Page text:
How Safe Is Users Data With Fintech Lending Platform
In recent years, the online lending industry has thrived globally. In the past month, suicide cases have come to the attention of the authorities in India. It was linked to alleged harassment by the recovery agents of unscrupulous FinTech platforms.
Mahesh Dommati, a 28-year-old tech worker in Hyderabad, India lost his job during the COVID-19 lockdown. He was unable to repay the 6,000 rupee loan he had taken out from an application called Slice. The recovery agents accessed his contact list and called his family and friends, demanding that they pay on his behalf.
Although the Reserve Bank of India (RBI) has mandated the regulation of online lending, there was a clear lack of supervision in lending applications. No one was monitoring if the Fair Practices Code was being adhered to.
In reality, untrustworthy FinTech platforms are constantly exploiting data in ways that would make consumers feel abhorred upon discovering the truth. The greater question is, are consumers ready to compromise their data in exchange for greater convenience and better experience?
Covid-19 Crisis and the Cash Crunch
Even though the problem of dishonest FinTech lenders is not new, the COVID-19 pandemic has further brought the issue to the forefront. A large population around the world faced massive cash flow issues due to the lockdowns. Consequently, business revenue was almost down to zero. This caused many consumers to fall into debt traps, as they would surf websites for instant loans and eventually get trapped into paying very high-interest rates.
Taking advantage of the needy borrowers, deceitful FinTech platforms would offer them payday loans. Predatory loan applications with high processing fees, short tenures, and steep penalty charges on default are the features that make people fall into debt traps. They would even promise quick loans to those without credit history or collateral. Therefore, quick loans have also been criticized for their high-interest rates, short repayment cycles, aggressive recovery methods, and misuse of borrowers’ data.
In November 2019, Google dominated India’s app market over 98% of smartphones with its Android platform. They introduced a new developer policy. FinTech apps offering loans with a repayment period of fewer than 60 days would be banned from the Play Store.
Furthermore, loan apps were asked to disclose the minimum and maximum period of repayment, the interest rate plus fees, and the total cost of the loan.
Consumers Love Fintech Convenience, But Fret Over Privacy
Experts in the field confirmed that loan recovery issues have long persisted. For a change, a layer of security is added for data privacy. This balance lies between ease of use and data privacy.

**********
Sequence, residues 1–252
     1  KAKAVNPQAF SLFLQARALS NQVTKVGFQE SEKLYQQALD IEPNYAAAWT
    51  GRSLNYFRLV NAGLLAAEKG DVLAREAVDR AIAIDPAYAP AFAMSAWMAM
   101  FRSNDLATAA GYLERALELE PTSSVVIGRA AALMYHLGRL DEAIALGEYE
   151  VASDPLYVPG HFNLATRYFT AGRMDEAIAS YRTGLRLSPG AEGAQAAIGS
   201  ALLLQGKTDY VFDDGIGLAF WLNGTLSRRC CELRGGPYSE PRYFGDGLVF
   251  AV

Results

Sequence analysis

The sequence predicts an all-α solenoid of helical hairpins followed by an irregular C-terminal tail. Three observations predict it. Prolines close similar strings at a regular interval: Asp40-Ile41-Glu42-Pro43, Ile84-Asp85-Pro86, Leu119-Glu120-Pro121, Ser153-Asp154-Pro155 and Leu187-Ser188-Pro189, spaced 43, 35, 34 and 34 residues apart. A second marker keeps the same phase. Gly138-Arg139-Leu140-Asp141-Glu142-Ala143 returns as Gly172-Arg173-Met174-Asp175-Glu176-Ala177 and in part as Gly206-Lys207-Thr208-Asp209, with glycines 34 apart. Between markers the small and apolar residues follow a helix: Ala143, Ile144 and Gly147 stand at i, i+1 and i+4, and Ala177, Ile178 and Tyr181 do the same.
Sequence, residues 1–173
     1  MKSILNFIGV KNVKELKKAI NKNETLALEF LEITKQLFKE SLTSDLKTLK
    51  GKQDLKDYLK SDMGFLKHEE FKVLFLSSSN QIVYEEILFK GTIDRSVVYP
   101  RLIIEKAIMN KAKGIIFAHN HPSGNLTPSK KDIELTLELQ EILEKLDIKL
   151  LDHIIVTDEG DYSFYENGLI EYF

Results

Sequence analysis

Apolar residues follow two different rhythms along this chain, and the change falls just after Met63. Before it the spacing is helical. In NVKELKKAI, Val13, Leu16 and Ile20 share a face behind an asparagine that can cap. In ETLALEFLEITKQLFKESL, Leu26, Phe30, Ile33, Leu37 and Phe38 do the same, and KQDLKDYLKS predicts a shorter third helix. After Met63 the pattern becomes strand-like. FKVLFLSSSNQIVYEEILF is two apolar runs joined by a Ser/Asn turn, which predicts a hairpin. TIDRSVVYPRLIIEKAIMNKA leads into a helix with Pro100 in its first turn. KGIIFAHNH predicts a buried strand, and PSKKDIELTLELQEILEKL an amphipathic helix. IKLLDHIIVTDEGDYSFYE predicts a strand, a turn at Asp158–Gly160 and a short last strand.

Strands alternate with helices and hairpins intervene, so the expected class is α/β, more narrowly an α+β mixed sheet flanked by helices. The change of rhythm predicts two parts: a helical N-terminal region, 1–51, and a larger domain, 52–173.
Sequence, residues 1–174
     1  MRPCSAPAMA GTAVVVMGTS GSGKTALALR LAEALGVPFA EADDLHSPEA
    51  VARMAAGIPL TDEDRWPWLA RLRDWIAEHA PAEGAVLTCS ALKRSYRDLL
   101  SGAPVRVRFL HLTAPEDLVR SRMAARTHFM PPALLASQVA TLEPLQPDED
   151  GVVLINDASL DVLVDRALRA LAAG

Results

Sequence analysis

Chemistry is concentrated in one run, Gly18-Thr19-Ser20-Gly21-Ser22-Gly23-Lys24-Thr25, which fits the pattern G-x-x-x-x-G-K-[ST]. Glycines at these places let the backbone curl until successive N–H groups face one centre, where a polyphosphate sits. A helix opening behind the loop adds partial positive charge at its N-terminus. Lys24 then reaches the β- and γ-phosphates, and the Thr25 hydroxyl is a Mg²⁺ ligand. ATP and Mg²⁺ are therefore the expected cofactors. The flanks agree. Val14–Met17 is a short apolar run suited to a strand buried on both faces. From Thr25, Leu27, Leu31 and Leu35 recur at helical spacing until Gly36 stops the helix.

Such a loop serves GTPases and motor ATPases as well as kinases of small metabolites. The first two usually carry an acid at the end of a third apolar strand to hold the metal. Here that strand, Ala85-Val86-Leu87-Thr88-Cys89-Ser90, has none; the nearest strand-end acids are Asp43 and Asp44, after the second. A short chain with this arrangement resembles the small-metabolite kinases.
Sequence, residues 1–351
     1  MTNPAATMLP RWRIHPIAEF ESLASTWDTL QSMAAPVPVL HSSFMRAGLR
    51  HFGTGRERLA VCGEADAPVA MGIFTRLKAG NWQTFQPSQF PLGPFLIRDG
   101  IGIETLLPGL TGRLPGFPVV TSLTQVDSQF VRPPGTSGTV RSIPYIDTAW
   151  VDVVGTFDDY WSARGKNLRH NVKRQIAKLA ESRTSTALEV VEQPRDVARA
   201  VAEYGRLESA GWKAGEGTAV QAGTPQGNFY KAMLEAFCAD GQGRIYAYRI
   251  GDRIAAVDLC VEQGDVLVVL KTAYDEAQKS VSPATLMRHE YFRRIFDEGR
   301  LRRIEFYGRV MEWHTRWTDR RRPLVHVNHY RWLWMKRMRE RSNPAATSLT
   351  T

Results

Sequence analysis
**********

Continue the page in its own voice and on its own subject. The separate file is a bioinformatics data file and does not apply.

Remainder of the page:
In October 2019, The Indian National Privacy Commission (NPC) issued a ban on data processing. 26 lending apps were banned for data privacy violations, including debt-shaming. The order led to the takedown of these sites from the tech giant, Google.
NPC is said to have received a total number of 689 complaints against online lending companies from July 6th, 2018 to July 31st, 2019. On this figure, 113 complaints were made against Fynamics’s online lending app. The app breached privacy by using the personal information on the complainant’s contact list. It was so that they could contact the complainant’s friends, relatives, and co-workers. This leads to the sharing of unwarranted, false information. In some cases, they were even asked to settle the loan on behalf of the data subjects.
Are FinTech Customers Protected in Malaysia?
Lending apps have the potential to generate consumer benefits, but this requires trustworthy institutions and consumer financial literacy. Not many individuals fully understand the consequences of sharing personal data.
Due to the breadth of scope, scale, and dynamism of FinTech platforms, the sector is often regulated by multiple regulators, which overlap with one another. For instance, the government regulators include governmental, self-regulators, and market regulators.
In the Malaysian market, the regulatory bodies aid in providing strong support and accelerate FinTech growth. Personal Data Protection Act 2010 (PDPA) requires all individuals and organizations that process personal data in their dealings to comply with rules set out in the PDPA, except for the Federal Government and the State Government.
The enforcement of PDPA would strengthen consumer confidence in e-commerce and business transactions. This would also decrease the number of cases of credit card fraud, identity theft, and selling of personal data without customer consent. The PDPA imposes strict regulations on whoever collects or processes personal data (user data) illegally and grants individual rights to data subjects.
The General Principle in PDPA states clearly that one is prohibited from processing consumers’ data without permission. To further explain the context of the PDPA, it is the process that allows the control of data through automated means or methods or computing, or any other process.
Ultimately, the objective of PDPA is to mitigate the risk of misuse and misappropriation of personal data. Any failure to comply with the PDPA will result in a fine, ranging between RM10,000 to RM500,000 and/or imprisonment of up to three years, depending on the breached section/rule.
How HomeCrowd uses and protects your data?
Please take note that we will enhance our data security infrastructure and update the policy from time to time.
20 April 2021 | by HomeCrowd team